An internal view on Unicorn Orchestrator

Unicorn is a novel framework that helps SMEs and START-UPS to adopt cloud computing for the deployment of services

Developers can focus on developing their services using the suggested development paradigm and let Unicorn Orchestrator handle elasticity, security, resilience and performance across heterogeneous clouds, such as public or private enterprise clouds, or even hybrid clouds.

In this blog, we present how Unicorn provides multi-cloud application orchestration and though dynamic allocation of cloud resources in order to help administrators minimise operating expenses, without sacrificing the QoS of their application. Unicorn’s policy-aware, multi-cloud orchestrator combines resource management, containerized services deployment over microVMs, and constant policy enforcement for dynamically managing cloud resources.

Unicorn orchestration capabilities are based on resource abstraction and interoperability, thus allowing heterogeneous cloud management and the support for inter-cloud connectivity allow the deployment of applications even in aggregated and hybrid cloud scenarios. In other words, Unicorn policy-aware orchestrator allows the deployment and management of microservice based applications on top of multi-cloud execution environments. In specific, Unicorn’s Orchestration mechanism offers:

  • Support for multi-cloud deployment of micro-services on OpenStack, AWS and Google Cloud.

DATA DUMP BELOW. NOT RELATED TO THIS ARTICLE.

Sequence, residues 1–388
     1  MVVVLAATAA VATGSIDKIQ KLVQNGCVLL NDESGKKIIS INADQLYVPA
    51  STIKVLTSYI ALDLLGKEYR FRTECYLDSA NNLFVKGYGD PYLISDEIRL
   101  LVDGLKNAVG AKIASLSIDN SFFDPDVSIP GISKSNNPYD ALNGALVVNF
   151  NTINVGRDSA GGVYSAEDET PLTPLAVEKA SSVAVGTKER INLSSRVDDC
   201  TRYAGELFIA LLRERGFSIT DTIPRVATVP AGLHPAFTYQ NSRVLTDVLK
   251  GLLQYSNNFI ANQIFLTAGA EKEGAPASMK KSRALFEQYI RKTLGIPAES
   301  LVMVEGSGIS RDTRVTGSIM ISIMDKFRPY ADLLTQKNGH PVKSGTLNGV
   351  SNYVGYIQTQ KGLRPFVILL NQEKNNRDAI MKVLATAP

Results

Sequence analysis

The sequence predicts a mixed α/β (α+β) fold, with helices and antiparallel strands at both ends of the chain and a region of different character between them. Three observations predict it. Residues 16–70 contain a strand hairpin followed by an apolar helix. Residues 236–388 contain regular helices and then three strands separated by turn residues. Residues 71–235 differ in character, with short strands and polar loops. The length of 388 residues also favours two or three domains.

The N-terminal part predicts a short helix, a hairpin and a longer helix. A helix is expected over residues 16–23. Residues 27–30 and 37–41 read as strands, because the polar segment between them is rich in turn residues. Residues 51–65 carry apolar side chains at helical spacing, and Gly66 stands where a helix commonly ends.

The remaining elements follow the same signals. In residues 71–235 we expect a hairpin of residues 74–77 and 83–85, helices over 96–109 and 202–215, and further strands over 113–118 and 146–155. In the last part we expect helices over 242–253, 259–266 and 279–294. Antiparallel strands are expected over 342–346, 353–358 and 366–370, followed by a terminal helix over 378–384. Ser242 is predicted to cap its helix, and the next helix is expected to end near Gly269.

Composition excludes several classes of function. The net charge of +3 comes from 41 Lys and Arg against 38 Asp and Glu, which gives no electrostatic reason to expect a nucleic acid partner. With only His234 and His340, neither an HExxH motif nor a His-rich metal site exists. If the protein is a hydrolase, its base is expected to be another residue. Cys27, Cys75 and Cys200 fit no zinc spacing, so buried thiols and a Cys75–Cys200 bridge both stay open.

• Support for inter-cloud connectivity of micro-service components for the creation of a service mesh in a multi-cloud environment.
  • Continuous orchestration and automatic optimization of portable and dynamic cloud services running on virtual instances or micro-execution containers.
  • Policy-aware orchestrator that combines resource management, containerized services deployment and management over microVMs, and constant policy enforcement for managing optimized elasticity.
  • A configurable elasticity mechanism that allow apps to elastically (de-)allocate resources based on user-defined scaling policies and real-time monitoring and analytics.

This orchestrator is the main outcome of Work Package 3 (WP3) and it is composed of a Multi-Cloud Resource Manager, the Unicorn Cloud Orchestrator, a Policy Engine and finally an Optimization Manager.

  • The Multi-Cloud Resource Manager is responsible for on-boarding new IaaS resources and continuously reporting their availability.
  • The Cloud Orchestrator is responsible for the creation of the deployment artefacts that are needed for each service defined in the Unicorn compose file and orchestrate the deployment and management of them on IaaS resources. Unicorn relies on Docker containerization technologies in order to bundle stateless services and create the appropriate scalable-by-design microservices.
  • The Policy Engine is responsible for the enforcement of the policies defined by the developer of a Unicorn microservice.
  • The Optimization Manager is responsible for suggesting the optimal deployment configuration or re-configuration based on predefined placement constraints.
Figure 1: High Level view of Unicorn Orchestrator